Taiwan missile defence shield ready next year: report
Mon, Sep 06, 2010

TAIPEI, Sept 6, 2010 (AFP) - Taiwan expects a much-anticipated missile defence shield to be ready next year after buying advanced weapons at a cost of about 300 billion Taiwan dollars (S$12.6 billion), local media reported Monday.

Six batteries of Patriot III missiles forming the backbone of the system will account for roughly half the costs associated with the project, the China Times newspaper said.

A long-range early warning radar system, priced at about 40 billion Taiwan dollars, will allow the military to detect and track incoming ballistic missiles and cruise missiles, it said.

While the Patriot III and radars are US-made, the system will also include locally produced tactical ballistic missiles evolved from existing missiles known as "Tienkung", or Sky Bow, the paper said.

The defence ministry declined to comment on the report.

Military experts estimate the People's Liberation Army currently has more than 1,600 missiles aimed at the island.

Ties between Taiwan and its giant neighbour have improved markedly since President Ma Ying-jeou of the Beijing-friendly Kuomintang took office in Taipei in 2008.

But China still considers Taiwan to be territory awaiting reunification, by force if necessary, prompting Taipei to seek more advanced defence weaponry, largely from the United States.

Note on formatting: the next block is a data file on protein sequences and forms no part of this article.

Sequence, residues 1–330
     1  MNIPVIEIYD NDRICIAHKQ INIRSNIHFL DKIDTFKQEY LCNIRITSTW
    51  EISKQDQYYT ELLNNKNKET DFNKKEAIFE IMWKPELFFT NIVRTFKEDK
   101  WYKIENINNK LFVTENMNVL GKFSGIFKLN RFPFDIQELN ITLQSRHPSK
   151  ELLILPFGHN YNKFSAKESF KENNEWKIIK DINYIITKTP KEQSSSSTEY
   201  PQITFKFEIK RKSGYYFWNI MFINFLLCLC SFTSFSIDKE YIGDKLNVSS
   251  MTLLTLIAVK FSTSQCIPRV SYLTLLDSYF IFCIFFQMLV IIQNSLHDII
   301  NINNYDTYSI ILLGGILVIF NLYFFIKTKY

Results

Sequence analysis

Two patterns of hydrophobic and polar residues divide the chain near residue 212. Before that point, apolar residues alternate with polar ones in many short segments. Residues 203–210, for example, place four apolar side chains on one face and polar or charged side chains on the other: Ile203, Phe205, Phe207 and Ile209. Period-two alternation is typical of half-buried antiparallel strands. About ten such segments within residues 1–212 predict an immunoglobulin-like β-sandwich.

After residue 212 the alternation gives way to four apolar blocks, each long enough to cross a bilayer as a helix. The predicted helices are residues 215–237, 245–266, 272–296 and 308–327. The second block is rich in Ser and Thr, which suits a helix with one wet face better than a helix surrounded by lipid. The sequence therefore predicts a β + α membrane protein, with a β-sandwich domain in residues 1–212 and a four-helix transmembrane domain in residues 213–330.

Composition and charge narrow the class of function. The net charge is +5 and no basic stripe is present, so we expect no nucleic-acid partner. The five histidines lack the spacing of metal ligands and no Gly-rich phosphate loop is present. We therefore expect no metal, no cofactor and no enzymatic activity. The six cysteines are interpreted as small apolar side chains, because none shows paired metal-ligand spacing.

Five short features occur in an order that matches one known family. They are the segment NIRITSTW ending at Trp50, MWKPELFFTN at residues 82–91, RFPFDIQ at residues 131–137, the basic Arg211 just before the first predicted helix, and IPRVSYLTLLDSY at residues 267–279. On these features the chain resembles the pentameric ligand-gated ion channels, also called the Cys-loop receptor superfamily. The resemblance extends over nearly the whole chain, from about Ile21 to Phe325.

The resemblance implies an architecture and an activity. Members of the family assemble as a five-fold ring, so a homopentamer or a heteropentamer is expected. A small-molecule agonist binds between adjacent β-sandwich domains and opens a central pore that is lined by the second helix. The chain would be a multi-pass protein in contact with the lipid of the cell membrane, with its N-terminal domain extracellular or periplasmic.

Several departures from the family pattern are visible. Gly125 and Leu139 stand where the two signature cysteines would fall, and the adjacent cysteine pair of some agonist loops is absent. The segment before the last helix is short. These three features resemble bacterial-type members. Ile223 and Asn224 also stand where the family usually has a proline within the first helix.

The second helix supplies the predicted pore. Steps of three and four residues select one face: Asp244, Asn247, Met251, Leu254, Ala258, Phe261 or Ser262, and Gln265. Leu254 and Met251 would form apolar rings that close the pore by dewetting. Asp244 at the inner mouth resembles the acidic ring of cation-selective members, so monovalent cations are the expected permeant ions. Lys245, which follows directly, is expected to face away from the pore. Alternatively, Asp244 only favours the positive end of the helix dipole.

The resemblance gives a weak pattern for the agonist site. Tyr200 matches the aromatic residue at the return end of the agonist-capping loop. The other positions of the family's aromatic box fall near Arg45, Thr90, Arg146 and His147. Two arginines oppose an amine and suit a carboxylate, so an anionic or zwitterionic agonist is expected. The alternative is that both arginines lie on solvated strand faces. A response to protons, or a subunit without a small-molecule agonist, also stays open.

Washington announced in January a weapons package for Taiwan that includes Patriot missiles, Black Hawk helicopters, and equipment for Taiwan's F-16 fighter jets, but no submarines or new fighter aircraft.

Beijing reacted angrily to the arms deal, valued at S$8.6 billion, halting military and security contacts with the United States.

Bookmark and Share
  Taiwan missile defence shield ready next year: report
  Mahidol aims to be Thailand's "university of choice"
  Australia poised for new government
  H1N1 virus may be re-emerging: Thai ministery warns
  China's 'miracle' Shenzhen marks 30th anniversary
  Japanese journalist says Afghan kidnappers were not Taliban
  53,000 on flood alert in Australia: officials
  Indian Maoists release police hostages
  Eight killed in Pakistan police post suicide attack: police
  Japanese tanker attacked off Indonesian island: IMB